Private Sector Assessment Reports
These reports explore private sector development in the Caribbean region. The reports are largely based on the analysis in the Private Sector Assessment Reports (PSARs) of 14 Caribbean countries. Reforms to stimulate sustainable growth led by the private sector are more important than ever. Although the details vary from country to country, structural reform is needed in most Caribbean countries. Economic diversification is essential for tourism dependent economies.
Cluster Best Practices for the Caribbean
The Caribbean is at a crossroads. The Economic Partnership Agreement (EPA) and the CARICOM Single Market Economy (CSME) herald a more liberalized trading environment with all of the potential benefits that come with the freer movement of goods, services, and labor. At the same time, the loss of preferential access to traditional export markets poses a significant risk to the region’s future prosperity. Moreover, food security, climate change, a global recession, and the latest natural disaster to befall Haiti all pose new and daunting challenges to the region. If the Caribbean is to overcome these challenges and realize greater prosperity for its citizens it must develop new areas of competitive advantage.
Renewable Energy: Best Practises in Promotion and Use for Latin America and the Caribbean (English)
This paper aims to present a snapshot of some of the best practices in the promotion and use of renewable energy, and provide practical examples of the development of renewable energy markets that countries in Latin America and the Caribbean can replicate. This brief study provides an overview of some of the most widely used renewable energy technologies. It also examines current and potential renewable energy markets in Latin America and the Caribbean, economic development benefits of expanding renewable energy markets, policy tools and mechanisms that have been used to build and promote renewable energy in the United States, and the role governments and the private sector can play. This paper was presented at the Fifth Americas Competiveness Forum for the Inter-American Development Bank and Compete Caribbean Santo Domingo, Dominican Republic, October 5-7, 2011.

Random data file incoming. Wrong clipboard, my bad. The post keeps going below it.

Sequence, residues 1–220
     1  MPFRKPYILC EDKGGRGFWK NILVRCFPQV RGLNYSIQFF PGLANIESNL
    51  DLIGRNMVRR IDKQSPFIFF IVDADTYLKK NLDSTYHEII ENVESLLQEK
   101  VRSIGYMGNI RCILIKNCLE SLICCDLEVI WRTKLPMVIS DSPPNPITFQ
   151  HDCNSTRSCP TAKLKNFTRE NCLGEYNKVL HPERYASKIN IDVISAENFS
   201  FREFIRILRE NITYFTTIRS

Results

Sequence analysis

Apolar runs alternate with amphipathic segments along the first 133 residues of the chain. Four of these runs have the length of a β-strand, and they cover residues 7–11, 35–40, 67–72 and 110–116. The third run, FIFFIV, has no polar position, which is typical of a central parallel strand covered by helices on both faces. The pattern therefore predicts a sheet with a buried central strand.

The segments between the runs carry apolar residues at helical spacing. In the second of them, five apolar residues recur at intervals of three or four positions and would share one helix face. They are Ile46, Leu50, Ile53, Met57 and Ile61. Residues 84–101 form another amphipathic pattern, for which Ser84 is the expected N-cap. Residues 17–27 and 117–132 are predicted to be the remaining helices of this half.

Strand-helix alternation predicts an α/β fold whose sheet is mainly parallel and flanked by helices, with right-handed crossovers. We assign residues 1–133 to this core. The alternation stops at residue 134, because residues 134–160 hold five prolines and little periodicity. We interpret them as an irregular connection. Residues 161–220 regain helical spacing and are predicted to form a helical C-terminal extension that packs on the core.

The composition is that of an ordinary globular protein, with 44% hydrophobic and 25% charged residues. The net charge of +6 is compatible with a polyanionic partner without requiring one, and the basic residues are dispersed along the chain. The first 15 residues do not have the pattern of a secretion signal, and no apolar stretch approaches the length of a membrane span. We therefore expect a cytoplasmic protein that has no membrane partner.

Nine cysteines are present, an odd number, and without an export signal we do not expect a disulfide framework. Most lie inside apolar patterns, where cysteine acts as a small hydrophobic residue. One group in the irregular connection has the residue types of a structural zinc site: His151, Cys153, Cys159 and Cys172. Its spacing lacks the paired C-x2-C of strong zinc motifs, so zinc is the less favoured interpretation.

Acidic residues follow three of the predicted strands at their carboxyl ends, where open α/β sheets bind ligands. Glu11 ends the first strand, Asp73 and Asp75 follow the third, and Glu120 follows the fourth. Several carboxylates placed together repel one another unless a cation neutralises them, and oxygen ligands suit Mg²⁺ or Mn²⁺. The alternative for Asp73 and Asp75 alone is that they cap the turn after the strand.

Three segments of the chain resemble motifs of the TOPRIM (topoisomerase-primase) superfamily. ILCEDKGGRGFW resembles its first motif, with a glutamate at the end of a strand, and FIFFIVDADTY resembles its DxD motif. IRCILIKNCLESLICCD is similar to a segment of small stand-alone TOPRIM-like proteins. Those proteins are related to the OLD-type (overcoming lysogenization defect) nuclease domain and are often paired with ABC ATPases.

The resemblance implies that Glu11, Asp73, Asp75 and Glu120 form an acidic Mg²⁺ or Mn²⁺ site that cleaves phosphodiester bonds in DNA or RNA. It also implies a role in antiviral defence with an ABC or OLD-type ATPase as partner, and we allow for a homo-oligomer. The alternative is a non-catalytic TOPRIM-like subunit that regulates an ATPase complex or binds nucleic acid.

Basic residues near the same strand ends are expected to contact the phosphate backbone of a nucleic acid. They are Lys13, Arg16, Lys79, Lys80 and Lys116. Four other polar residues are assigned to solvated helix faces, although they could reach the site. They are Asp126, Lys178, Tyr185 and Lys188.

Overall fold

Strengthening Public-Private Dialogue in Saint Lucia
This project was designed to
- develop a coordinated approach to enhancing competitiveness in Saint Lucia through the establishment of the National Competitiveness and Productivity Council (NCPC) and its Technical Unit; and
- implement key reforms to improve the business climate.
The project will develop a formal mechanism for consultation and consensus on national priorities and reforms needed to deepen private sector development and enhance the competitiveness of the country. This will positively influence the scope and impact of reforms as the government will be better able to implement targeted interventions that are gender inclusive and have wide stakeholder ownership and buy-in. The long term result is expected to be improved competitiveness and economic growth as a result of consensus-based business climate reforms.
Framework for Private Sector Development in Suriname
This project is to establish a framework to coordinate the implementation of business climate reform projects and upgrade the human resource capacity on issues related to private sector development in Suriname. The project will develop a roadmap of actions/activities needed to foster private sector development and enhance the competitiveness in the country, establish a coordinated mechanism to implement this roadmap and implement key business climate reforms. This comprehensive approach to addressing the weak position of the country in international measurement of global competitiveness will significantly facilitate a more diversified and competitive economy, supportive of investment and entrepreneurship.
Framework for Public Offerings in Trinidad and Tobago
This project is to establish a legal and institutional framework and corporate governance model to facilitate private investment in Trinidad and Tobago through a public offering program. The impact of the program would be improved governance of public enterprises and increased private sector investments in the economy. The implementation of the public offering program through the recommended legal and institutional framework designed under this TC will facilitate wider ownership and participation in sectors previously dominated by the state, demonstrate that the Government’s commitment to promote investments and private sector development is credible, and help create the fiscal space for poverty eradication and social programs as a result of the divestment of SOEs and improved SOE performance.